What is pulmonary vein stenosis?
Pulmonary vein stenosis (PVS) is a rare condition in which the veins that carry blood from the lungs back to the heart are narrowed. This is a different condition than pulmonary valve stenosis and peripheral pulmonary stenosis.
Sometimes, PVS can occur as a complication of another heart or lung problem. The exact cause of pulmonary vein stenosis is not known.
Some children will need many interventions — including cardiac catheterization or surgery — to restore blood flow to the heart, as pulmonary vein stenosis tends to recur and can worsen over time.
What are the types of pulmonary vein stenosis?
Pulmonary vein stenosis can occur in several forms. Generally, pulmonary vein stenosis is grouped into the following categories:
Intraluminal pulmonary vein stenosis
This is a common type of pulmonary vein stenosis that is caused by an abnormal thickening of the walls in the pulmonary veins. (The term “intraluminal” means “within the lumen,” the central opening that allows blood to flow into the vein.)
The narrowing is believed to be linked to an abnormal overgrowth of connective tissue cells — the cells that help our bodies repair and close wounds — within the pulmonary veins.
Isolated pulmonary vein stenosis
Isolated pulmonary vein stenosis occurs when a baby has no other defects or problems in the heart or lungs at birth, but then has sudden, often rapidly progressing, symptoms in early infancy. Babies with this type of pulmonary vein stenosis can seem healthy for several weeks before suddenly having difficulty breathing and low oxygen levels.
Pulmonary vein stenosis as a secondary complication
Some children develop pulmonary vein stenosis as a secondary complication of another heart or lung problem. Often, their pulmonary vein stenosis is discovered after they have already been diagnosed with a condition like complex congenital heart disease or chronic lung disease.
What are the symptoms of pulmonary vein stenosis?
Symptoms of pulmonary vein stenosis can occur very suddenly, especially in infants, or may progress gradually over time. In both cases, symptoms may include:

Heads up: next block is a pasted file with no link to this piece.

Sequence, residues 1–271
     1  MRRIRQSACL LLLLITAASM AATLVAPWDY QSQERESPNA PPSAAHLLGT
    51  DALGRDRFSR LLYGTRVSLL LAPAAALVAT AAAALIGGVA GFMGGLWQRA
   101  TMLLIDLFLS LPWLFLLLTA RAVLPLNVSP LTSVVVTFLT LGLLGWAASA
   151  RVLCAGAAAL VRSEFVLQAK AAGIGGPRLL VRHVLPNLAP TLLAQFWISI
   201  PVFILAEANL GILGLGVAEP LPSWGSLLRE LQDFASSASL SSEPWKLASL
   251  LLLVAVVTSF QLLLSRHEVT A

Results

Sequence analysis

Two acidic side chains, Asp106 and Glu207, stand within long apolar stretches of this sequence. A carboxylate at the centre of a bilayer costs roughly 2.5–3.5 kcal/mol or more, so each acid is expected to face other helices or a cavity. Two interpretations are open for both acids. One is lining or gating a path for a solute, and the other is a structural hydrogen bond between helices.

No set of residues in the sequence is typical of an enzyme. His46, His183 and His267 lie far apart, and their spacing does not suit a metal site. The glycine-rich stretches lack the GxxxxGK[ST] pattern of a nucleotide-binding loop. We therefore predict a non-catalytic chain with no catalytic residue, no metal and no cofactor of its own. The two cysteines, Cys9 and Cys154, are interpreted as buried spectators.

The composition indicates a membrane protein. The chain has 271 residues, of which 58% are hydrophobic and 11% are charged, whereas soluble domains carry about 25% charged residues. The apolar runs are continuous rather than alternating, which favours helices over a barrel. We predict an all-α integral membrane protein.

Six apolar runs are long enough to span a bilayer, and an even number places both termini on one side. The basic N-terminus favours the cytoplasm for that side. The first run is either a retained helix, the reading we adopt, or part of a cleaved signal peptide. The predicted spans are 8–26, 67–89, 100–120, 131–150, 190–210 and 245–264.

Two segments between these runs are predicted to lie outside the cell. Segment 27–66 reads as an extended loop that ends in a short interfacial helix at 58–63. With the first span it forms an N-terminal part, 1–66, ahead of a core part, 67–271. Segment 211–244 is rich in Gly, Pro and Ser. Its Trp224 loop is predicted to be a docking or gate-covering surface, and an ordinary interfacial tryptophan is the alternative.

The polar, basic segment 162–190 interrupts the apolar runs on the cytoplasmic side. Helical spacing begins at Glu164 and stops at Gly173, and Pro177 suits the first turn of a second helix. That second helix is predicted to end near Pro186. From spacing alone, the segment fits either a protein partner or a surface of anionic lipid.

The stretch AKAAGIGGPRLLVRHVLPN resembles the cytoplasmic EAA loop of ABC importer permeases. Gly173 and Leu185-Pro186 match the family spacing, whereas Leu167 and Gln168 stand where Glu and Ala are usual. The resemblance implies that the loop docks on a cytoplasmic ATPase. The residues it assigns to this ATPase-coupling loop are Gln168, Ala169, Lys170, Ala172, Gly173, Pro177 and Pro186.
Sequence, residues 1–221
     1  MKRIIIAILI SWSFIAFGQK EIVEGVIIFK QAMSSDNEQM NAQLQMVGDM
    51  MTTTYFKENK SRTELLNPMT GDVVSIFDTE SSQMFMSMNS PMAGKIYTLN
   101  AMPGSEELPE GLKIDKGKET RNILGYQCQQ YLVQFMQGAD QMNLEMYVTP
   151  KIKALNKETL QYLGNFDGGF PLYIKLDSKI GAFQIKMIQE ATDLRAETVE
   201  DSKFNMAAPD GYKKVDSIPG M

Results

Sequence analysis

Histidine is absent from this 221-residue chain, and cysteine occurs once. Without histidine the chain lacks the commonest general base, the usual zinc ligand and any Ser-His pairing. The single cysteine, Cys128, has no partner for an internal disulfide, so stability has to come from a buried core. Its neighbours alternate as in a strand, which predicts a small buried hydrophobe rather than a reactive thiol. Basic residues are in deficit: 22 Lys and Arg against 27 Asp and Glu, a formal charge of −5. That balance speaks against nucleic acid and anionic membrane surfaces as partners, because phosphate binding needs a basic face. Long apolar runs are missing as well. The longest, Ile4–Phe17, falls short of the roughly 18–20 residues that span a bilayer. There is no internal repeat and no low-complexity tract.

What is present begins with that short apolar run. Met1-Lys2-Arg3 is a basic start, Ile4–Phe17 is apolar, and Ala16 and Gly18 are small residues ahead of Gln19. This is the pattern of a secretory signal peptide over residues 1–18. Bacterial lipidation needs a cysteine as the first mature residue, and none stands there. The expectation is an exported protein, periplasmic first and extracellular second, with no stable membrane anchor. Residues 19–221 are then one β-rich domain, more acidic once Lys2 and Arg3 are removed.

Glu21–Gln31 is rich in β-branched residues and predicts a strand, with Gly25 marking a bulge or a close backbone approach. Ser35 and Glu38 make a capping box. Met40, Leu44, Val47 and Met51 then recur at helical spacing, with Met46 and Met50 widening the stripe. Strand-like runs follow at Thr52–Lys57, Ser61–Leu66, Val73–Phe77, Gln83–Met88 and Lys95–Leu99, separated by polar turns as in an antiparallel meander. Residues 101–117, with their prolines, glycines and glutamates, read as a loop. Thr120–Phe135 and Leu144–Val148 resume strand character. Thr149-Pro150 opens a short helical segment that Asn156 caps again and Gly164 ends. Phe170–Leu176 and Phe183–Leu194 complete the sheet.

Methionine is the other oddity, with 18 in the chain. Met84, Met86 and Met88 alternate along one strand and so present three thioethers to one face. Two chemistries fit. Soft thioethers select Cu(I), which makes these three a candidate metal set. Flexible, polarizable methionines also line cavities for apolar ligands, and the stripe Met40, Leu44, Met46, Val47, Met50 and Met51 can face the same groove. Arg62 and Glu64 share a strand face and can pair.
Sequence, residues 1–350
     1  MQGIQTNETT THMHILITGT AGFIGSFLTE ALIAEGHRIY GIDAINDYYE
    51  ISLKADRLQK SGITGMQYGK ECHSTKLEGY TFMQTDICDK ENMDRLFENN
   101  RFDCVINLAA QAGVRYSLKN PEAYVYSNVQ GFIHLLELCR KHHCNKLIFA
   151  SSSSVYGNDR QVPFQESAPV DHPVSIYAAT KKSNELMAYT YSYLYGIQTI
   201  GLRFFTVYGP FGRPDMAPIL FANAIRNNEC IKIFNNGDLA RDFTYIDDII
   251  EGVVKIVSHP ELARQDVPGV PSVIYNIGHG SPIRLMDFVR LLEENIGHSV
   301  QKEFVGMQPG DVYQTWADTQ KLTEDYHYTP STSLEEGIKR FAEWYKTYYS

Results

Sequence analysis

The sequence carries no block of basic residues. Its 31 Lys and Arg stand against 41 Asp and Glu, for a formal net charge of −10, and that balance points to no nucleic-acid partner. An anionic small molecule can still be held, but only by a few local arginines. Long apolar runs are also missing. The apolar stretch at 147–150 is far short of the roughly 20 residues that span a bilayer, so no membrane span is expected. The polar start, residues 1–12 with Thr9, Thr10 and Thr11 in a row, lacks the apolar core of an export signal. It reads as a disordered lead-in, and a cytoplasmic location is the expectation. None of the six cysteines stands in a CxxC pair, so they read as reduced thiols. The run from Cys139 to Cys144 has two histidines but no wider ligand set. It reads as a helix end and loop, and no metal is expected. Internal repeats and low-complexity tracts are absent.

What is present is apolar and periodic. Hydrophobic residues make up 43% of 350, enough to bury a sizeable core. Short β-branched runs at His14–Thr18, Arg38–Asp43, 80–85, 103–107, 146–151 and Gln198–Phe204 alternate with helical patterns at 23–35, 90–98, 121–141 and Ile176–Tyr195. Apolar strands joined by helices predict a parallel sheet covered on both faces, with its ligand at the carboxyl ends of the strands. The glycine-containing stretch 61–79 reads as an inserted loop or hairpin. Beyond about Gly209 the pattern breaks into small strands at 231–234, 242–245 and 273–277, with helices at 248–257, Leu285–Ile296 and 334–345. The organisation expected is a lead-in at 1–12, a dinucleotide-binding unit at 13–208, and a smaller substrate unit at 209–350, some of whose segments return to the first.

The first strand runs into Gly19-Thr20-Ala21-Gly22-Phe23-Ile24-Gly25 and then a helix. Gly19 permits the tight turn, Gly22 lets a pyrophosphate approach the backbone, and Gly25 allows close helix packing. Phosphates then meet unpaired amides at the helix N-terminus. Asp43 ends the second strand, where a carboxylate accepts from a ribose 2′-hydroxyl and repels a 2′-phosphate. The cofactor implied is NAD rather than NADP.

- shortness of breath
- rapid heartbeat
- rapid, shallow breathing
- poor appetite
- pale or “washed-out” skin hue
- blue-tinged appearance, called cyanosis, of the skin, lips, or nail beds
How we care for pulmonary vein stenosis
Boston Children’s Hospital has a dedicated Pulmonary Vein Stenosis Program whose expert clinicians have decades of experience treating children, adolescents, and adults with this condition.
Our specialized training in pediatric cardiology means that we understand the particular challenges, circumstances, and intricacies of working with young people with pulmonary vein stenosis. In addition to our medical expertise, we provide patient-centered care that always recognizes your child as an individual — and we offer resources to meet the needs of your entire family.
Our areas of innovation for PVS
Over the past two decades, our team has been at the forefront of research to learn more about this rare condition and discover treatment options for patients. In addition to developing new techniques to treat PVS in the catheterization lab and operating room, our team has started using drug therapy to treat intraluminal pulmonary vein stenosis.
Pulmonary Vein Stenosis | Diagnosis & Treatments
How is pulmonary vein stenosis diagnosed?
Pulmonary vein stenosis is typically diagnosed with one or more of the following procedures: